Sanskrit linguistic resources


Sanskrit Morphology


This documents XML data banks of Sanskrit forms given with their morphological taggings. They are produced mechanically by the declension and conjugation engines of the Sanskrit Heritage Platform, processing the Sanskrit lexicon underlying the Sanskrit Heritage Dictionary. The version used for this generation is available here as a PDF document.

Databanks description

We provide here inflected forms and morphemes derived from the root forms defined in the Sanskrit Heritage Dictionary. These forms are presented as lemmas linking each form to its stem entry by possible morpho-phonetic operations. We limit ourselves to classical Sanskrit, and do not cover precative, subjunctive, injunctive and conditional forms of the verbs. At present, we provide for two transliteration schemas, respectively WX, used by the Department of Sanskrit Studies at University of Hyderabad and SLP1, used by the Sanskrit Library. The WX version is available as a downloadable gzip-compressed XML file WX morphology, conformant to its dtd. The SL version is available as a downloadable gzip-compressed XML file SL morphology, conformant to its dtd.

Intellectual Property

All these linguistic data banks are Copyrighted Gérard Huet 1994-2022. They are derived from the Sanskrit Heritage Dictionary version 3.58 dated 2024-07-07.

Use of these linguistic resources is granted according to the Lesser General Public Licence for Linguistic Resources. A pdf copy of this license is provided here: LGPLLR.pdf.


We deal here with a mixture of derivational and inflexional morphology. For instance, from the roots we generate verbal and propositional stems, and from these stems we generate in turn inflected forms: conjugated forms from the verbal stems, and declined forms from the participial stems. But at present we do not generate mechanically primary nominal stems from roots, nor secondary nominal stems from primary ones, because of overgeneration. The nominal stems, as well as the undeclinable forms, are taken from the lexicon, that lists also some frequent participles.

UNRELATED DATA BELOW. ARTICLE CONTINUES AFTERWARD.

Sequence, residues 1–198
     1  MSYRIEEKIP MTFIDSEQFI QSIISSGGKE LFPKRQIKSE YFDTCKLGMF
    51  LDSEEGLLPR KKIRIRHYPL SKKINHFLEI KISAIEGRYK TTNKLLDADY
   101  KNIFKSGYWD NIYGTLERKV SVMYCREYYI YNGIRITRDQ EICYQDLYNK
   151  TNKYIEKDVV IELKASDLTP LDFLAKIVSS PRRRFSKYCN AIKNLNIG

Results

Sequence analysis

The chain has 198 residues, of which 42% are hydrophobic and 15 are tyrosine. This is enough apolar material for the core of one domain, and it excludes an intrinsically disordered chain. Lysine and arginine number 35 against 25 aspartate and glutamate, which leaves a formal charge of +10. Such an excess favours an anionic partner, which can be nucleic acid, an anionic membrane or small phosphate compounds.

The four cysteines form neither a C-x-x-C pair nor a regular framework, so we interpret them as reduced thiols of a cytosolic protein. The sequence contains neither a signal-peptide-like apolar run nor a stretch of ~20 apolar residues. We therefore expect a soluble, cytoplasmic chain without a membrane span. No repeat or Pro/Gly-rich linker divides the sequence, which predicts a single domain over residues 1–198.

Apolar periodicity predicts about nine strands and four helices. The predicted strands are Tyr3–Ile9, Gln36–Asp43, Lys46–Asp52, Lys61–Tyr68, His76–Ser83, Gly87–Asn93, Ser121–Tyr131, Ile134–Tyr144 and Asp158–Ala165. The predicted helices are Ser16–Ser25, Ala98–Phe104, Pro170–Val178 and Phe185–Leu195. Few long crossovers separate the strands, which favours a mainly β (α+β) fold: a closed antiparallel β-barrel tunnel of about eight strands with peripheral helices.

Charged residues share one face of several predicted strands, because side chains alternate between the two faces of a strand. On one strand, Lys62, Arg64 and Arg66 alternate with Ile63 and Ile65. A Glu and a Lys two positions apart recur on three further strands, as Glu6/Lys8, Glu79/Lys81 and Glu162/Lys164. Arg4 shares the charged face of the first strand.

This organization entails a different role in our morphological data bases. The basic morphological categories correspond to lexical phases, which are atomic letters in the defining grammar of Sanskrit word. The forms listed in these data bases act as morphemes of this high-level morphological definition, which is recursive, since compounding may be iterated, as well as preverb formation, to a certain extent. But this recursion power is limited, in the sense that the grammar of a word is a regular one (type 0 in the Chomsky hierarchy), and its recognizer is a finite automaton, whose states are precisely the lexical categories indexing the basic data bases. This definition of word implements correctly the geometry of constructions such as absolutives (which fall in two distinct categories, the preverb form and the root form) and periphrastic phrases (periphrastic futures with substantives, and periphratic perfects as prefixes of finite perfect forms of the auxiliary roots as, bhū and kṛ] which are duplicated in a specific auxiliary lexicon). Here is a simplified diagram of the current state space of our lexer.

Lexer automaton
This automaton is also the top-level view of our Sanskrit Tagger, which implements Sanskrit analysis from devanagarī text. The technical exposition of this method, together with its correctness justification, has been exposed in various scientific journals and conferences, and the corresponding articles are also available freely on my publications page (papers [78], [87], [88], [94], [95], [105], [106] and [110] are specially relevant). This material will not be repeated here. Let us just explain a few difficulties of the large-scale implementation of this Sanskrit analyser.

As usual in a non-deterministic search algorithm (here all the possible parsings of a sentence as a sandhied stream of forms), we have two pitfalls, silence and noise. Silence (lack of recall) means incompleteness. Some legal Sanskrit sentences may fail to be recognized. Typicallly, some root word may be missing from the base lexicon, or some Vedic form may use some construction rare in the later language, like precative or subjunctive. Compounding gives rise to two complications, the raising of new cases by bahuvrīhi compounding, and the formation of avyayībhava compounds. Some of these constructions are treated incompletely.

The opposite of silence is noise (lack of precision), that is overgeneration. We deal with overgeneration in the syntactico-semantic layer of our tagger, which filters out combinations of tags inconsistent with semantic role assignments. We shall not discuss this technology further in this note on morphology, and refer the interested reader to our Sanskrit reader demonstration page and its Reference manual.

We remark that the respective data bases can be interrogated online by our stemmer interface. But note that verbal forms prefixed by preverbs are analysed by the tagger as non-atomic words, and only root forms and their secondary conjugations are recognized by the stemmer.


Questions concerning these resources should be addressed to Gérard Huet. All suggestions for improvements will be gratefully considered.
Objective Caml
Top | Index | Grammar | Sandhi | Reader | Corpus
© Gérard Huet 1994-2023
Logo Inria